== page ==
I think most of us have heard of being “tarred and feathered,” as a form of punishment, but we may not really know how much of a punishment it really was. When we think about it, the show, “Home Alone” might come to mind. Of course, some kind of syrup and then the feathers, but that does not really even begin to describe the real act of tarring and feathering.
In 1776 in Norfolk, Virginia, Captain William Smith was tarred and feathered by a mob which actually included the mayor of Norfolk apparently!! Mobs are never a good thing. They are always out of control, and people who might normally be pretty decent, are dragged into things they might never do otherwise. Captain Smith was suspected of sharing secrets about a local ship owner John Gilcrest smuggling goods, with British officials. It was a terrible offence, but remember that he was “suspected” of this, not convicted. That is the problem with the mobs. They often take matters into their own hands…Vigilante Justice…whether the person is really guilty or not.
Tar and Feather was a medieval form of torture and humiliation. It involved stripping the victim up to his waist, applying tar on his body, and covering him with feathers. That wasn’t the end of it though. The victim was then put on a cart and paraded around the place. Sometimes, the tar was simply poured on the victim’s body and he was made to roll on feathers. This isn’t like syrup or the asphalt tar of today. The tar they used was likely from the pine tar the Colonies were accustomed to distilling for its use on preserving the wood of ships from rot. Hot asphalt tar would critically burn the body. Pine creates charcoal and pine tar when heated up. This pine tar is naturally a sticky substance making it a perfect material for applying to someone who is about to be covered in feathers. While that explains why there were no casualties of this form of punishment. Nevertheless, the job of removing the dried pine tar and feathers off the skin was extremely painful.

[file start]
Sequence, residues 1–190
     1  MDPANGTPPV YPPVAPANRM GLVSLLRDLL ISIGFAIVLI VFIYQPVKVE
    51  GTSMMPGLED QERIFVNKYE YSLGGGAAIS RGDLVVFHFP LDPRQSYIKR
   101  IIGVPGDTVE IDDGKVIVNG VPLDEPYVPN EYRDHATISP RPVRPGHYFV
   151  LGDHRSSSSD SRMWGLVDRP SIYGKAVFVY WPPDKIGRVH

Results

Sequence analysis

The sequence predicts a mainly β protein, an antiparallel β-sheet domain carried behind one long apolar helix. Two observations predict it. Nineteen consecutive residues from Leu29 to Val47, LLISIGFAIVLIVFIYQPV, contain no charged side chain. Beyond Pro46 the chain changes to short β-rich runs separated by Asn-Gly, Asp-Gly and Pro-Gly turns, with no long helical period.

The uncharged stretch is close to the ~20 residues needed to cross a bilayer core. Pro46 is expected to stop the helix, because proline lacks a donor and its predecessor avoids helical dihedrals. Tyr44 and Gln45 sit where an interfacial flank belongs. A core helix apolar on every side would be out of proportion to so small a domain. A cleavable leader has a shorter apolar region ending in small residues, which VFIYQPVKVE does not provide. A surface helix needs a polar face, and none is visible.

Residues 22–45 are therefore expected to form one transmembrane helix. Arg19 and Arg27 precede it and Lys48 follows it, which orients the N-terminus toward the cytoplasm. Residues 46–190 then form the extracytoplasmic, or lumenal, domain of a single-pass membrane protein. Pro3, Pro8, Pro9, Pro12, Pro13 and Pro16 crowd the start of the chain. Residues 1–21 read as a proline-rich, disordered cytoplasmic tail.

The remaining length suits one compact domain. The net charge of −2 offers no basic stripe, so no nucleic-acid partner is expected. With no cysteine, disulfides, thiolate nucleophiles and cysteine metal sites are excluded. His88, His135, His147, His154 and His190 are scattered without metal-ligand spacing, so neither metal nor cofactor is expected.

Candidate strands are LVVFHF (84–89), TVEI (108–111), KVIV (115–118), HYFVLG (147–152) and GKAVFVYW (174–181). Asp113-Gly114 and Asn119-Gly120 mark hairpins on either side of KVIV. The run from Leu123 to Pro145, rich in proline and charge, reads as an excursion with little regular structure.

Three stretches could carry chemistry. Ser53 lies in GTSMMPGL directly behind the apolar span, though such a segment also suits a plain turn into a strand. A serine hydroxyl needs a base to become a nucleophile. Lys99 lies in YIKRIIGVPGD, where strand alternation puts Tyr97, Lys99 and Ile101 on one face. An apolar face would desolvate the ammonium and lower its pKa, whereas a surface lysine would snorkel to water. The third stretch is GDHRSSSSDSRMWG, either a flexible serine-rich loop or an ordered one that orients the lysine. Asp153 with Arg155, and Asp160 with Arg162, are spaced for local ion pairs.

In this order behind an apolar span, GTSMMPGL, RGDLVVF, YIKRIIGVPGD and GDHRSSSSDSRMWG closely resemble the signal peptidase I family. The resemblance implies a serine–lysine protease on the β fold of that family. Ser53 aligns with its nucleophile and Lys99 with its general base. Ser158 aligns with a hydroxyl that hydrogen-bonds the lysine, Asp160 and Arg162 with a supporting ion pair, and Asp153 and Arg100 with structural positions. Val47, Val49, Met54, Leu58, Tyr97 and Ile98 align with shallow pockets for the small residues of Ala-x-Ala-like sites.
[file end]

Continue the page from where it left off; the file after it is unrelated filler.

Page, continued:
After Captain Smith was humiliated by the application of his feathery outfit, he was thrown into the harbor. He almost drowned before being rescued by a passing ship, just as his strength was giving out. He survived, and was later quoted as saying that “…[they] dawbed my body and face all over with tar and afterwards threw feathers on me.” As with most other tar and feathers victims in the decade that followed, Smith was suspected of informing on smugglers to the British Customs service. The punishment was harsh, and it was swift. The colonies were trying to gain their freedom, and that meant that they would fight to the death, and they would never tolerate traitors. I don’t know if Captain Smith was a traitor or not, but no one was ever punished for what they did to him, so there is that.